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News article on 09/03/2021 by: The Hoarde

What You Need to Know About Buying Vintage Leather

Vintage leather is a popular item that fits well into modern homes. From clothing to furniture, leather can last for decades if it is well taken are of, with use adding a stylish level of wear and tear. 

However, just as with any other vintage or antique items, it is worth understanding what you need to look for when buying vintage leather, as well as how to look after older leather items. Not getting to grips with the basics can mean you’re left out of pocket or that any vintage leather items you buy end up losing value due to a lack of care. 

What Should You Look Out For When Buying Vintage Leather?

Just as with any other material, you need to look out for damage with vintage leather. While a bit of wear is expected, especially when it comes to older pieces, there is a fine line between worn and damaged. 

If damaged, looking at how easy a good repair would be can tell you whether the piece is still worth investing in. Older pieces are likely going to need some level of restoration, but if they are too far gone, it can be an expensive process that may not be worth it. 

should also look out for patches and older repairs. The chances are that there will be a few, which should be accepted as the norm. However, if the repairs have been performed badly, or there are too many of them, it could drastically affect the value of the leather. 

What Makes Vintage Leather Valuable?

Beyond condition, originality is a big part of what makes vintage leather valuable. A design that is different and rare is worth a lot more than one that was mass-produced. Similarly, if a lot of replicas are now available, is will reduce the original items perceived value.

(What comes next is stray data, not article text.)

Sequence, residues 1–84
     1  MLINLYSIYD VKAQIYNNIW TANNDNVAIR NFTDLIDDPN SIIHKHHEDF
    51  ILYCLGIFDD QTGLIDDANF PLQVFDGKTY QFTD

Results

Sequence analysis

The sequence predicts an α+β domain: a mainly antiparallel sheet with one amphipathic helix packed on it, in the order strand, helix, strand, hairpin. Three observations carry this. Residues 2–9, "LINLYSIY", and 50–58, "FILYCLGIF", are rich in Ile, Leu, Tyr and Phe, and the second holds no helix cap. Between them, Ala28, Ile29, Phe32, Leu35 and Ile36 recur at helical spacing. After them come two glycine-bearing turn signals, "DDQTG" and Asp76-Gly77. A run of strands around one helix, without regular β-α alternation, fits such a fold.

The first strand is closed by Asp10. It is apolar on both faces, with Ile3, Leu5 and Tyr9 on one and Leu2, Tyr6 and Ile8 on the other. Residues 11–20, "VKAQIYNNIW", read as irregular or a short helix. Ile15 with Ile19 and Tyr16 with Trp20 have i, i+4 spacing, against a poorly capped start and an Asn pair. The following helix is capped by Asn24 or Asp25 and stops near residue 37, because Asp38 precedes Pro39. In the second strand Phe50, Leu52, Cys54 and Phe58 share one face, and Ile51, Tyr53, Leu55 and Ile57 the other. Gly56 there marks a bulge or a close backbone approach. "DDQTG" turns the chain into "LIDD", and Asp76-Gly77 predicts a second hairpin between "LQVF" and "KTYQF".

While classic styles are a good way to go, unusual designs featuring leather are a good investment. As well as the leather, this can mean looking for details like decorative studding, carvings, interesting buttoning and anything else that makes a vintage leather piece stand out. 

If you are able to pick up a matching pair of leather items - such as chairs - this can also increase their value, especially if they are in good condition. While single items can be worth a lot, a matching pair that are in good repair can fetch a lot more money, with collectors often looking for more than one item. 

How Do You Repair Vintage Leather?

Generally, it’s a good idea to avoid attempting any leather repairs yourself. Consulting an expert in restoration is the best way to continue looking after your vintage leather, as they know how to avoid damage and make repairs as subtle as possible. 

In some cases, they may advise against a repair - such as if it will affect the value of your leather - so it is worth considering what you want to do with your leather items (sell or keep) as this may affect the restoration process. 

How Do You Look After Vintage Leather?

Whether the leather was in good repair when you bought it or it needs some attention to help it look its best, you need to e prepared to look after your vintage leather. 

Over time, leather can become dry and start to crack. If it has been left to age without intervention for too long, there may be nothing you can do to bring it back to life. If the leather can easily tear like paper, it’s unlikely that you’ll be able to restore it rather than replace it. 

If the leather is in fairly good condition, you should make sure you regularly treat it with a good quality leather cream. This will keep it moisturised to avoid cracking and make it less prone to damage. 

In cases where the leather is dirty, you should make sure you use products specifically for leather in order to clean it without risking a reaction. Cleaning leather is fairly easy but can be time-consuming on larger items. You should start in a less noticeable area and wash outward from there. 

If you notice any stains that do not come out with gentle cleaning, you may need to use a harsher cleaning agent. However, the best option will depend on the condition of the leather, so you may want to avoid trying to remove stains if the leather is quite fragile. 

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